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Renée Jean • Williston Herald Senator Jon Tester, fourth from right, presides over a farm bill panel on livestock issues Monday in Billings. He is holding several listening sessions in Montana on the matter.

BILLINGS, Montana — A bill Sen. John Hoeven (R-N.D.) co-introduced with Sen. Amy Klobuchar (D-Minn.) that would raise the maximum loan amounts for farmers and ranchers under FSA programs was mentioned positively multiple times during a farm bill panel that included cattle ranchers and farmers put on by Sen. Jon Tester (D-Mont.) Monday.

The Capital for Farmers and Ranchers Act is intended to help both farmers and ranchers navigate a low-price environment, in which cattle and wheat — two of the MonDak’s top commodities — are facing historic lows. Meanwhile, on top of that, vomitoxin has struck wheat farmers in both northwestern North Dakota and northeastern Montana, deepening the pain for both. Such high vomitoxin means that even using it for feed can be problematic, and many have said they will have to burn the contaminated crop..

The Hoeven-Klobuchar measure would raise caps on Farm Service Agency direct farm loans, operating loans, and ownership loans, as well as guaranteed farm loans, operating loans and ownership loans.

“This legislation is really important for our farmers and ranchers now, so that they can get access to credit during these challenging times with low commodity prices,” Hoeven said when the bill was introduced. “It will help them to maintain their operations so that they can continue to provide affordable, high-quality food to the American people.”

The cap on direct operating and direct farm ownership loans is presently $300,000. The bill would raise that to $600,000. It also increases the loan cap for guaranteed operating and guaranteed farm ownership loans from $1.399 million to $2.5 million.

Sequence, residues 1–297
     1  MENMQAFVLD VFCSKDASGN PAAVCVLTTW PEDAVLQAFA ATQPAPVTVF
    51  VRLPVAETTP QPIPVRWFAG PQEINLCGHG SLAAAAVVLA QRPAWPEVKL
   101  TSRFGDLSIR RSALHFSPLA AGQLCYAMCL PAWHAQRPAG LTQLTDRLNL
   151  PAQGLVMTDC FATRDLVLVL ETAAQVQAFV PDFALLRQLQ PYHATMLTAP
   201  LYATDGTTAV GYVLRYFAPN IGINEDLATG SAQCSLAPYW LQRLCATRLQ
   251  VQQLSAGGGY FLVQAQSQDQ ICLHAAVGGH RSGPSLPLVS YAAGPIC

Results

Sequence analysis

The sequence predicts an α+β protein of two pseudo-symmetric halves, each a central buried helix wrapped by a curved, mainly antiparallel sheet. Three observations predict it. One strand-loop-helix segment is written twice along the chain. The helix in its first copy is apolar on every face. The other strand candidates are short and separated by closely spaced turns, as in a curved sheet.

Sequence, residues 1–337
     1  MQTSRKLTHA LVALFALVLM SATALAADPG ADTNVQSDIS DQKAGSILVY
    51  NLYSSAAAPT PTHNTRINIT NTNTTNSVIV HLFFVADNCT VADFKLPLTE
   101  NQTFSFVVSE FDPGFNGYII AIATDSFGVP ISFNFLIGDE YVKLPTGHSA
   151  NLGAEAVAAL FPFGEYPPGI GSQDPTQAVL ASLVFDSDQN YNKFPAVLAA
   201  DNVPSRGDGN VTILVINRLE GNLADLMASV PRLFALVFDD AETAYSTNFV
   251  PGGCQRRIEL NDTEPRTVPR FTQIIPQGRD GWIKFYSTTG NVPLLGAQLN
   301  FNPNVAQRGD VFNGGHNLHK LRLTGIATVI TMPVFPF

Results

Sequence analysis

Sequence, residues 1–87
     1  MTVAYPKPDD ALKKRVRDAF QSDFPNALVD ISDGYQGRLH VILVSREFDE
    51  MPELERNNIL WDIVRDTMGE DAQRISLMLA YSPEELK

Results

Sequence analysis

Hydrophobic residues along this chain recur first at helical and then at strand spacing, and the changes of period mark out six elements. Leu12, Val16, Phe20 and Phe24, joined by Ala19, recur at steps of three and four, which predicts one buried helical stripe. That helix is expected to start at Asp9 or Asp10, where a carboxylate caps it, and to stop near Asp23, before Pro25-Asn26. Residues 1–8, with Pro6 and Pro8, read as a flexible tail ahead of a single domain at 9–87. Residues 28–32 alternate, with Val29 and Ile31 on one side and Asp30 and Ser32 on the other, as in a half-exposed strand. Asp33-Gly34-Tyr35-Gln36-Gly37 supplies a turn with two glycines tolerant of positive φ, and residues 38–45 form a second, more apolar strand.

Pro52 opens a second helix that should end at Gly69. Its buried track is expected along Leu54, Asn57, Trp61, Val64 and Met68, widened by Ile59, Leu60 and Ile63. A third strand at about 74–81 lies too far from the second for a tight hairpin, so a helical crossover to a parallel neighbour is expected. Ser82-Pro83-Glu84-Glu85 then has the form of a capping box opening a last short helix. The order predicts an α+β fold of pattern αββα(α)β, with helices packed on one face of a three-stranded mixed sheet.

Leaders of various farm and ranch agencies in Montana saw the increased levels as largely a good idea, and said they would be particularly helpful for beginning producers trying to get a start in farming. However, there was a caveat to that praise, from executive director of the Montana Department of Agriculture, Bruce Nelson.

“The Hoeven bill would double both our limits, the direct loan and our guarantee loan limits, which is great,” he said. “Except, if they are going to do that, they need to give us more money, or all we can do is serve a lot fewer producers.”

His comments were among dozens of remarks that delved into what a 2018 Farm Bill needs to look like to help producers get through another five years of farming in an increasingly tough market.

Among top concerns were more consistent and timely payments from Agriculture Risk Coverage and Price Loss Coverage, two market-based programs created in the 2014 farm bill to assist farmers when prices hit lows. Presently, these payments are coming along 14 to 15 months later, and are not useful at all for budgeting purposes, says Michelle, Erickson-Jones, who is the treasurer of the Montana Grains Association.

“You don’t know what you are going to get. Not only that, you don’t get it until next year,” she said. “I was not going to put down a number and be wrong, so I put zero there. It doesn’t help your budget.”

One idea, suggested by Gordon Stoner, vice president of the National Association of Wheat Growers, is to make a timely estimate and dole out only a percentage of it. That would get some money to farmers closer to the time of need, while preventing overpayments, which would have to be returned.

Another clear theme was the need for farm groups to keep nutrition tied to the farm bill.

“Decoupling nutrition from the Farm Bill is a disaster in my opinion,” said Chris Christians, legislative and project specialist with the Montana Farmers Union. “The simple fact of it is, it’s only because of votes from members of Congress who live in areas of food deficiency that we are guaranteed a farm bill will pass at all. When it makes up 80 percent of a farm bill, decoupling would be the end of the farm bill in the future.”

Tester agreed with that, and said the effort to decouple nutrition from the farm bill is ultimately an effort to kill both.

“The points made about the nutrition and the farm bill are spot on,” Tester said. “They help pull one another forward to get a big enough block to do what is right in both areas. Getting all the farm organizations together and getting behind this does have power. I know we have different perspectives on everything, but the truth is, we do understand the value of the farm bill.”

Among other strong themes that emerged during discussion was a need to expand research dollars, to identify best practices for vexing problems in the field.

There was also a lot of discussion about what needs to be done to save both the cattle and wheat industry.